There is also Khao Tom at Ruen Pair. Foodie media keeps mentioning papaya salad blah blah this is THE place to get late night Thai-Chiu Chow meal. Omelette with turnip, stir fry morning glory, thousand year old egg with basil and some khao tom. That is like straight outta Bangkok Chinatown but y’all wanna get some Som Tom from a non-Isaan granny or auntie lol.
Phnom Penh Noodle Shack also has porridges. Try the House Special and Mo Special. Basically the same noodle soup ingredients in the House and Mo specials in porridge form. The donuts that accompany it are great.
If you are going to do Vietnamese chao, I think the bowl to beat is the Chao Long at Cho Tam Bien and the Fish Porridge at Canton Restaurant/Chao Ca Cho Cu…it’s in their name! Those are pretty unknown spots from the foodie media. Cho Tam Bien makes those sausages, lemongrass and blood, so it’s “artisan”.
Chao Dem in Garden Grove serves up Singapore Frog Porridge. Might be one of the few places that serve it in So Cal. Never had it there so I can’t vouch for it.
Might be worth it to call up Fukagawa to see if they have okayu or if they can do it (off the menu, I find that Japanese Japanese places do a lot of off menu dishes in my experience)
There is plenty of places with zosui though.
Also worth mentioning is saving your broth from hot pot to make porridge and noodle soups. This step is almost completely ignored here but is standard in a lot of Asian families.
The rice porridge made with chicken broth at yakitori ya is pretty fantastic
A great point. That’s “zosui” which is typically at yakitori shops in Japan that may also offer a hotpot / nabe (or chicken shabu shabu) that for a fee, to add rice after most of the solids are consumed, to let the broth that contained all the ingredients from cooking earlier, to absorb into the rice. Some yakitori izakaya have ready made zosui as a carb closer option. A splash of shichimi togarashi and it’s efffin heavenly.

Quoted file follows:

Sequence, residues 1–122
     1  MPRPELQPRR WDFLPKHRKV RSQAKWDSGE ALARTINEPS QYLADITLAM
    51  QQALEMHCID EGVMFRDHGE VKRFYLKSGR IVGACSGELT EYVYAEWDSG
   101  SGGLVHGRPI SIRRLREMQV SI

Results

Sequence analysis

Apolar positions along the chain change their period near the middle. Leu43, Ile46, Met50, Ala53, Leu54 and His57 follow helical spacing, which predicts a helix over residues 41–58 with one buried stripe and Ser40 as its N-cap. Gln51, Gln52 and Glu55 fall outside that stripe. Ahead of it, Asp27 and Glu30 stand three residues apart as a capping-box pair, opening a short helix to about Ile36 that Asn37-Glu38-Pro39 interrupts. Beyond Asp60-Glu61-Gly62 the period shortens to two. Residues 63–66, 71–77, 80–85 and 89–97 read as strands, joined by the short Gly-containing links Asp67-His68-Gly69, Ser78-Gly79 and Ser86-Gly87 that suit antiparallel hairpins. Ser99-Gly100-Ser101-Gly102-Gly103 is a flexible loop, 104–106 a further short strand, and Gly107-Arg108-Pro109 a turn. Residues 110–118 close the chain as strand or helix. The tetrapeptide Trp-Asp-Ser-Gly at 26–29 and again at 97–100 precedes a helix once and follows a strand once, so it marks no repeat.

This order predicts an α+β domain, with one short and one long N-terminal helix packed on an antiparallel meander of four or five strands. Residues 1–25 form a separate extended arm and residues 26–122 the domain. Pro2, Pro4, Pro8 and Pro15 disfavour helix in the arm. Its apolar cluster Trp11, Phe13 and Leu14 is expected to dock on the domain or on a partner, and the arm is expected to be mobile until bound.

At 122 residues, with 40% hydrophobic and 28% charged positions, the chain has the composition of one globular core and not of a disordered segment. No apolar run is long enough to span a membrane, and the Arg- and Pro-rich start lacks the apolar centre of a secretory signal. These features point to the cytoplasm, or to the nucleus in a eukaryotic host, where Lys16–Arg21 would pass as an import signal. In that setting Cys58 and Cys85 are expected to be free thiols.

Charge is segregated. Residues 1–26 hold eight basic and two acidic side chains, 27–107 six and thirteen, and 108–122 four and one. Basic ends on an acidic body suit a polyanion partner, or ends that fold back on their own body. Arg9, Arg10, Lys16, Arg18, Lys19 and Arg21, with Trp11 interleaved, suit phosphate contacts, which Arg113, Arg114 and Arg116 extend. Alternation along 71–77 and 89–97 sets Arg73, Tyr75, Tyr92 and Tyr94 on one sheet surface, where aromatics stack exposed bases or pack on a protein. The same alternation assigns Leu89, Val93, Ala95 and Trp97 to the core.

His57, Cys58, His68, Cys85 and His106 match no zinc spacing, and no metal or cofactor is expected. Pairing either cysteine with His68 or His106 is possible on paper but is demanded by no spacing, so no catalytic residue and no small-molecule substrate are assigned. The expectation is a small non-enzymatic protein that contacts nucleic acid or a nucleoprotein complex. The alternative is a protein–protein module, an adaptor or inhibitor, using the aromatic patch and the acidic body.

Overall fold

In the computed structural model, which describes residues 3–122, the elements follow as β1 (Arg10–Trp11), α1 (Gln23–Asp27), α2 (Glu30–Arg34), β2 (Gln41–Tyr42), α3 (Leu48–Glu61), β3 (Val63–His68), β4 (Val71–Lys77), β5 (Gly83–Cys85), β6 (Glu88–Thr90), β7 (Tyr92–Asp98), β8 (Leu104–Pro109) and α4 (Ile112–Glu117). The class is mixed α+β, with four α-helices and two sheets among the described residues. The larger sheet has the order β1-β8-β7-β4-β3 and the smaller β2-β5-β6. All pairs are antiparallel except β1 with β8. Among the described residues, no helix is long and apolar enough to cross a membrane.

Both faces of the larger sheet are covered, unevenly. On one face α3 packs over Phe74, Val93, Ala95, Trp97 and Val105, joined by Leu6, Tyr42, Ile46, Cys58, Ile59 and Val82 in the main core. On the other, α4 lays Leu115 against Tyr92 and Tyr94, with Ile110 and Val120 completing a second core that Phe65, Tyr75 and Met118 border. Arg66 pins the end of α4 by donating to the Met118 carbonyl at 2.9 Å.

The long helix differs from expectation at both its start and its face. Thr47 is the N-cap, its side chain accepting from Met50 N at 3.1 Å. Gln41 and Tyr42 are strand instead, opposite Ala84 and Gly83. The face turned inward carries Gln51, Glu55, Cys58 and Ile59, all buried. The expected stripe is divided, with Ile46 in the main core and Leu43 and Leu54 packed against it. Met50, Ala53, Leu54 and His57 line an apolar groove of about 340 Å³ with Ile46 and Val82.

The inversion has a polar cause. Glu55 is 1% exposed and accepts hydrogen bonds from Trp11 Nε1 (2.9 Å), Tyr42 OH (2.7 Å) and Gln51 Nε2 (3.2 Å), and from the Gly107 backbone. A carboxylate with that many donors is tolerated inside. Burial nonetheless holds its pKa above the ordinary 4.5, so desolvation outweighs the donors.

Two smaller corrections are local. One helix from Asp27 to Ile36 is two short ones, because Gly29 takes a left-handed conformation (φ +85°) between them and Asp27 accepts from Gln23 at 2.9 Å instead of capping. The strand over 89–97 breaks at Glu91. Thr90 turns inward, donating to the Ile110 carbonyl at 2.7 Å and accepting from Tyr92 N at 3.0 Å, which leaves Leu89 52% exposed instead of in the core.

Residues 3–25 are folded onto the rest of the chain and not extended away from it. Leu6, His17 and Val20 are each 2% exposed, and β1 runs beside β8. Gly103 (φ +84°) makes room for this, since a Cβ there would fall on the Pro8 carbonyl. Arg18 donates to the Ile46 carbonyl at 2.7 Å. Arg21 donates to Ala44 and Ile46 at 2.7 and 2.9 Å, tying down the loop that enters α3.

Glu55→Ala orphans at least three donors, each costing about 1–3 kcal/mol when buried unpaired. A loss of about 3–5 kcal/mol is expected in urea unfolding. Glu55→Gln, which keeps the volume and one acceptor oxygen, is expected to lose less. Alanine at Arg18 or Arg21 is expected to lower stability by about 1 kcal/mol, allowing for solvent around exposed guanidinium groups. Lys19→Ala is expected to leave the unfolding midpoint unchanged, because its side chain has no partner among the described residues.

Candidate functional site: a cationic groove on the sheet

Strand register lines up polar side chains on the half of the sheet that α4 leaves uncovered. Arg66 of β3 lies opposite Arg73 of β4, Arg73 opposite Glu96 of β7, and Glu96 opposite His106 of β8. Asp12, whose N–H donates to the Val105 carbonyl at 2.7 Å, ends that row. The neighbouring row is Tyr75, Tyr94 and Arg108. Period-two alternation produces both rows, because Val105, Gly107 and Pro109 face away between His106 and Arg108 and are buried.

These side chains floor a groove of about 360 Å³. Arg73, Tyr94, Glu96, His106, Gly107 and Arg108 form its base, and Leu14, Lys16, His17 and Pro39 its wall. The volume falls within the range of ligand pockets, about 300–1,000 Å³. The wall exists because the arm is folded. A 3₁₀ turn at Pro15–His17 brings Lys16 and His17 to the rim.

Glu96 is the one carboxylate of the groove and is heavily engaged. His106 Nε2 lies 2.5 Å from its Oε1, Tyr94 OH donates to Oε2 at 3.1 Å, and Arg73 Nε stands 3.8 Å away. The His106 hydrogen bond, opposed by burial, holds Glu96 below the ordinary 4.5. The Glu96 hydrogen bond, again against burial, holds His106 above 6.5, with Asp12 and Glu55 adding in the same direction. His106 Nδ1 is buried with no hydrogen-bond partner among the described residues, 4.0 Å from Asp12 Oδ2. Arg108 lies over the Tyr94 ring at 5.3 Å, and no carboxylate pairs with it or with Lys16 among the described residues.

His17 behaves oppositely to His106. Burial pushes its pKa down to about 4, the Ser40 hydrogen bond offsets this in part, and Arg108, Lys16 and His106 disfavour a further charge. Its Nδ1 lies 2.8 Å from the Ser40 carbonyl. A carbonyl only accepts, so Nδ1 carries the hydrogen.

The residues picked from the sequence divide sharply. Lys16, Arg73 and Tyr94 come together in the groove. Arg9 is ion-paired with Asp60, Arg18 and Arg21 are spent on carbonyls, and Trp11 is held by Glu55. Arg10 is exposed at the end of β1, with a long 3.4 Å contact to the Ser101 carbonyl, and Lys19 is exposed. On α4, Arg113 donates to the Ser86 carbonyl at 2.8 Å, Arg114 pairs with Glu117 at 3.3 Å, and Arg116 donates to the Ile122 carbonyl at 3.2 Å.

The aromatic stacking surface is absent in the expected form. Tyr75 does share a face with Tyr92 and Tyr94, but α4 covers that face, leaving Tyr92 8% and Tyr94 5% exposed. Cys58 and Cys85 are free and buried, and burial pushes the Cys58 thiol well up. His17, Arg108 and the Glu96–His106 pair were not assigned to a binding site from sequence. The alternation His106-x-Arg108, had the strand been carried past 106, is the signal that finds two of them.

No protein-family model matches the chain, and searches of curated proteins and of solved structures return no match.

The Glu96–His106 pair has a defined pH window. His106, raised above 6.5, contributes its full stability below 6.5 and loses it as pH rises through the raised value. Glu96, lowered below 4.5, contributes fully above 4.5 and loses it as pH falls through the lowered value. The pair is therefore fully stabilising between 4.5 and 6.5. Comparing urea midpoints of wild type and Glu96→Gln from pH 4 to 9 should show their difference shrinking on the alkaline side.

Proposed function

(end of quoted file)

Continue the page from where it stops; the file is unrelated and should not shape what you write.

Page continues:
Oyaku on the other hand, is plain congee Japanese style very simply seasoned (not cooked with hotpot broth or other types), sometimes topped with umeboshi, or I’ve heard of just having red beans on top. An ailment for sickness, although I’ll be the first to admit that’s exactly what I needed after yakiniku offal food poisoning last year in Tokyo (lol).
Or taking leftover bones from any restaurant meal to make it.
I wonder if there’s a restaurant that serves our (Armenian/Karabagh) dish called kurkut which is a cracked wheat and pork porridge . I only have it when aunties make it
The process seems quite different with this dish… I didn’t really grow up with that, it maybe from the arabic country type of armenians… i’ll ask my auties… what we grew up with is called Kurkut from actual Armenia (Kharabagh / Artsagh region) and it always has pork not chicken. It’s a very simple dish that is a perfect example of 1+1>2. Not to say i know everything about our cuisine, just not something i’ve ever had.
If you like the black egg with basil at ruen pair you gotta try the one at Yai. It’s my favorite
I love Yai’s Crispy Pork with Chinese Broccoli or Ong Choy with a fried egg and spoonfuls of prik nam pla. I think it’s the best in Thai Town. What else do you like at Yai’s?
I think kurkut is the name of that kind of pearled wheat.
I think you’re the person who first turned me onto Yai with that pork belly/Chinese broccoli rec!
Honestly the only things I’ve been really excited by there are the black egg w basil and the pork belly. Gotta try that ong choy though.
You think it’s the best place in Thai Town or just for those dishes?
That’s right. But we also call the dish that . You know a lot about Armenian food
There are two types of Indian porridge like dishes that I know of: poha and Daliya. But, we usually make them at home.
the closest indian porridge to congee is both very close to it in type and name: the south indian kanji, a watery rice gruel–basically, the water from cooking rice. the question of whether the dish and the name went east/north or south/west, i leave to people with actual knowledge.